Slave labor: Thanks for Patricia Calhoun's column on Juneteenth ("Free for All," June 8). If the truth will set us free, I am compelled to tell my truth. We (blacks) were not set free then or now. How do you define "free"? A piece of paper called the Emancipation Act (in reality, the Thirteenth Amendment) is just that: paper. Free to do what? Starve? To be sharecroppers? To go to school and get a good job (the modern version of the same lie)? The slang for a job is "going to my slave." In fact, a job is the worst kind of slavery; it's voluntary.
I am proud that Patricia Calhoun did not settle to work for one of the so-called "major papers." She is free. Thank you for listening.
Decent exposure: Jared Jacang Maher's "Photo Finish," in the June 1 issue, was a great article. It brought back the few decent memories of my minimum-wage job in a film lab in upstate New York. Christmas always brought out the best pornographers. Reprints rule!
On a different note, I grew up in Boulder and am sorry to hear that Crossroads is gone. It used to be that there was no better place in town in the winter. Besides having the Green Stamp store and Fashion Bar, it was the best place for kids who couldn't get to the Hill. Caramel corn, cigarettes, boys: Life was sweet.
Thanks for the memories.
Winfrey some, lose some: You know what the goofiest crap I've ever read is? Steven Saulsbury's letter in the June 1 issue, insinuating that gays are the only men who watch, listen to or worship Oprah. Puuuleeese! Steven, you really are narrow-minded. I would venture to say that 99 percent of my gay friends have no time for such drivel -- because they are out making a very good living. Yes, Steven, we gays also love football, basketball and all sports. If I were to personally take time out for Oprah, it would only be to see Nate Berkus -- his home creative ideas are awesome.
To our straight brothers: We have no problem with you all, either.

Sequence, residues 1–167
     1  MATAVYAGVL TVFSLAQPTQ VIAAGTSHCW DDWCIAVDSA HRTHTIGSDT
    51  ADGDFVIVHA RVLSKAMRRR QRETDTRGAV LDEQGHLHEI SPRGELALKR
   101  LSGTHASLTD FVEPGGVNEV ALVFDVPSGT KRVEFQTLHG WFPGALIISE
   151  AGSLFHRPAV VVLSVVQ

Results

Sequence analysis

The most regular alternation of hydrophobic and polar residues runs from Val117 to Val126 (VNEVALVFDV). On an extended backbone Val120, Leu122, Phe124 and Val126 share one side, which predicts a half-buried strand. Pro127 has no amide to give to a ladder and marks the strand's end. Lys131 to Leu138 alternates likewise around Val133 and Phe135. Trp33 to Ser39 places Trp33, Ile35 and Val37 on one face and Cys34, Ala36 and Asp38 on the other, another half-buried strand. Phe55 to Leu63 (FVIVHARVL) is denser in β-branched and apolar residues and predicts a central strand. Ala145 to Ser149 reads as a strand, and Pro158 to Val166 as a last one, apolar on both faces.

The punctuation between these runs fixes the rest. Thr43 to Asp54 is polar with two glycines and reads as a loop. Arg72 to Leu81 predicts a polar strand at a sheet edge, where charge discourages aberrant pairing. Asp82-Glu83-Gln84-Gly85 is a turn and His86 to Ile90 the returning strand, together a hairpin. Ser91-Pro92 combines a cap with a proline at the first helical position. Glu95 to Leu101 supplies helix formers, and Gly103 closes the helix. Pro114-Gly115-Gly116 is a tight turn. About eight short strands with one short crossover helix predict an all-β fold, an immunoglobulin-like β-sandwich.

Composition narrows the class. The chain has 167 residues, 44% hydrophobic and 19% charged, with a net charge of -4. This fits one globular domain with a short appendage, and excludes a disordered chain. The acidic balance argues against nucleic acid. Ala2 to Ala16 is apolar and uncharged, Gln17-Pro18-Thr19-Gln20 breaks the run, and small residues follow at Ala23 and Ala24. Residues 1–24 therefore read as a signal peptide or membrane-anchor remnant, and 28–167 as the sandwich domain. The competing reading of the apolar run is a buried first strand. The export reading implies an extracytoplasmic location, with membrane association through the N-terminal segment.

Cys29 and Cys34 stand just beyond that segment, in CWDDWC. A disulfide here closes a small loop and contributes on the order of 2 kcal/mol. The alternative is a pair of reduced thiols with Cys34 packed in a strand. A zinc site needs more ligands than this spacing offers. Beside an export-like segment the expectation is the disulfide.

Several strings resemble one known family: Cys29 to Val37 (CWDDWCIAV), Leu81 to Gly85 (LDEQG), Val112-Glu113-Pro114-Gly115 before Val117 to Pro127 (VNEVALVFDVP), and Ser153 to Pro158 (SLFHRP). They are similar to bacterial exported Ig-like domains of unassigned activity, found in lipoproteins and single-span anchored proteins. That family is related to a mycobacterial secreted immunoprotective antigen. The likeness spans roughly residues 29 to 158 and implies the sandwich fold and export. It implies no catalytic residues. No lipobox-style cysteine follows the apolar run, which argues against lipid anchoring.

The song remains the same: The date on the front of your June 8 paper is wrong, or surely I have gone back in time. It must be 1976 or so; I can tell by the bands that are scheduled for concerts this summer at Red Rocks and elsewhere: Crosby, Stills, Nash & Young; Chicago; Tom Petty & the Heartbreakers; Steely Dan; Earth, Wind & Fire; the Jerry Garcia Band; Ray Davies; Hot Tuna; Willie Nelson; the Nitty Gritty Dirt Band; Linda Ronstadt; Three Dog Night; Grand Funk Railroad; Martha Reeves & the Vandellas; the Doobie Brothers; Foghat; George Benson; Al Jarreau; Firefall; The Little River Band; Elvis Costello; Delbert McClinton et al.
Yeah, we must be right around 1975 to 1979, except a few things must be misprints: I thought Three Dog Night broke up and Martha & the Vandellas weren't touring much anymore. And CSNY haven't played together for a while since Crosby's drug problems and rehab, and with Neil Young doing so well on his own.
Also, under "What's Hot Now" and "Who's Got Next," the date must be a typo (2006 instead of 1976), since Emmylou Harris, Neil Young, Bruce Springsteen, Queen, the Guess Who, Aerosmith and Elton John are all listed as having current hits, which I'm aware of, but the song titles seem wrong. And I don't understand why all those other artists are listed, since I never hear them on the radio or see albums by them in the record stores. What gives?